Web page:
• Tue
  • Sep 30, 2014
  • Updated: 9:10pm

Wellcome butcher catches pig disease

PUBLISHED : Wednesday, 17 August, 2005, 12:00am
UPDATED : Wednesday, 17 August, 2005, 12:00am

Third HK case in a month prompts call to extend import ban of mainland pork


A Wellcome supermarket butcher yesterday became the third local victim of the pig-borne disease Streptococcus suis in a month, bringing the number infected this year to nine and sparking calls for an extension of the government's ban on mainland pork imports.


The news came as at least two people in Suzhou , Jiangsu province , were suspected to have died from the virus.


At the same time, the Henan Animal Husbandry Bureau denied any outbreak of the disease in the province, after pro-Beijing newspaper Ta Kung Pao reported Shenzhen officials as saying they had banned imports of Henan pork because an outbreak had been confirmed there.


The Hong Kong government, which banned imports of frozen pork from Henan on Monday but still allows live imports, said it was still seeking information about the Shenzhen action.


A 44-year-old man admitted to Tuen Mun Hospital yesterday after developing a fever, pains in his right little finger and left thigh four days earlier was in stable condition last night after being confirmed as infected with Streptococcus suis.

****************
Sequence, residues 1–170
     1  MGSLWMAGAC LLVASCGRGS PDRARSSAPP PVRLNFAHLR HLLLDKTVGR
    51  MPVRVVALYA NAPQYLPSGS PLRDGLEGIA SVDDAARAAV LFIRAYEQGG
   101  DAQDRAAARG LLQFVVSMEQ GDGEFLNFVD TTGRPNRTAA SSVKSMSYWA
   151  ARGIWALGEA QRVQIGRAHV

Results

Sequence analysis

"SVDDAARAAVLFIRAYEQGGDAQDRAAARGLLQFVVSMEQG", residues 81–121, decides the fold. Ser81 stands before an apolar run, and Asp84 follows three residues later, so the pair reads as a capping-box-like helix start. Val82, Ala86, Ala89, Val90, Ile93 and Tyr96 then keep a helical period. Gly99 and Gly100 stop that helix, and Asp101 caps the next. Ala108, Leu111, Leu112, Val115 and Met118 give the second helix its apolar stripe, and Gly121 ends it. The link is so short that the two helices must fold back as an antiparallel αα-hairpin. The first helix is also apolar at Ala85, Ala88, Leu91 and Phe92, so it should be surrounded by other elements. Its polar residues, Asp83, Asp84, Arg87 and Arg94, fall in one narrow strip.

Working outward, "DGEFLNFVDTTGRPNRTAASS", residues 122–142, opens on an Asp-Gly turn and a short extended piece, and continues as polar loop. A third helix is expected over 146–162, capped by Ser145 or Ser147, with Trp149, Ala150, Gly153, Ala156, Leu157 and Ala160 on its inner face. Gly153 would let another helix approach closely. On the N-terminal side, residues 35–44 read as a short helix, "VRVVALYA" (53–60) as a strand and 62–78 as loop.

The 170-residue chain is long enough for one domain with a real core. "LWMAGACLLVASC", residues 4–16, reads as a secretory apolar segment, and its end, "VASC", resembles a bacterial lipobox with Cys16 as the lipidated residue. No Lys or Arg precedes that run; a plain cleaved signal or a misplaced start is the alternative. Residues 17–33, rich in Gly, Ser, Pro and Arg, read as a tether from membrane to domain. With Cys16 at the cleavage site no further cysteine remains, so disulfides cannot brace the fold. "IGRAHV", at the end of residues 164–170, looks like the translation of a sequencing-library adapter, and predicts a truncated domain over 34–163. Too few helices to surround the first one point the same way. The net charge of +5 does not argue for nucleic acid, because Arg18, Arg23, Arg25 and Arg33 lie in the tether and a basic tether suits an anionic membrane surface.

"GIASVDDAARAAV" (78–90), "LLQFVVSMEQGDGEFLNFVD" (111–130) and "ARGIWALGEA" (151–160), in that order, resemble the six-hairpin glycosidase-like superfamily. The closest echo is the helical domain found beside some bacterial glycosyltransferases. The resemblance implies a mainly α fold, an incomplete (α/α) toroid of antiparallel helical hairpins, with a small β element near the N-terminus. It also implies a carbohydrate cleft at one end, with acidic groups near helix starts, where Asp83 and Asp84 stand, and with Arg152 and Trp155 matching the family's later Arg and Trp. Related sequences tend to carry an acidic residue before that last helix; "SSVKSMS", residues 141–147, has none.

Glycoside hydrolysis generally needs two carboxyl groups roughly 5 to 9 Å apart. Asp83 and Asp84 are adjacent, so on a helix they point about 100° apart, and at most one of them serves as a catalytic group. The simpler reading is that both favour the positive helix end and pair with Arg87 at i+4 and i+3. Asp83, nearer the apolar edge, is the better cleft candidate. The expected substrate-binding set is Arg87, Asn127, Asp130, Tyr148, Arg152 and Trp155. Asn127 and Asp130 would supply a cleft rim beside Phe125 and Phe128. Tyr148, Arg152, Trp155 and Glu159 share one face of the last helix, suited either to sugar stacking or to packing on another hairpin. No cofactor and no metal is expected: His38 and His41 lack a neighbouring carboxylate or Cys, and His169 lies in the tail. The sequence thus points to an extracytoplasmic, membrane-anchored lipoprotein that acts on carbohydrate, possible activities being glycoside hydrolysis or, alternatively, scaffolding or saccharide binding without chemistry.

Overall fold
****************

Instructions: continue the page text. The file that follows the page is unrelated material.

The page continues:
The Centre for Health Protection said the man, who lives in Tin Shui Wai and works as a butcher at the Wellcome branch in Leung King Estate, Tuen Mun, had earlier cut his finger. He had not travelled recently outside Hong Kong.


Food and Environmental Hygiene Department officials went to the supermarket to check its handling procedures. Wellcome imports fresh pork from the mainland, including Henan, via sole trader Ng Fung Hong. No comment could be obtained from it last night.


Infectious disease specialist Lo Wing-lok said: 'If the butcher contracted the bacteria by handling pork, it means the public can do so too, and there's a good chance there are already people coming into contact with that pork.


'Now the government has evidence, they should ban imports of live pigs from Henan right away.'


Secretary for Health, Welfare and Food York Chow Yat-ngok said he was still seeking an explanation from Shenzhen on its ban after Guangdong health authorities found no traces of the bacteria in Henan pork seized at the weekend.


He said the government would strengthen communication with Guangdong and was ready to lift its ban once the Shenzhen government clarified the reason for the seizure. 'We still don't understand why the Shenzhen government had to recall the pork from Henan, we are very concerned about it.'


Legislator Emily Lau Wai-hing of The Frontier said the government should expand the notification mechanism with Guangdong to cover food for the province's domestic market.


'It would be mutually beneficial as people from the delta region could then be informed by our press if anything goes wrong in their markets,' she said.


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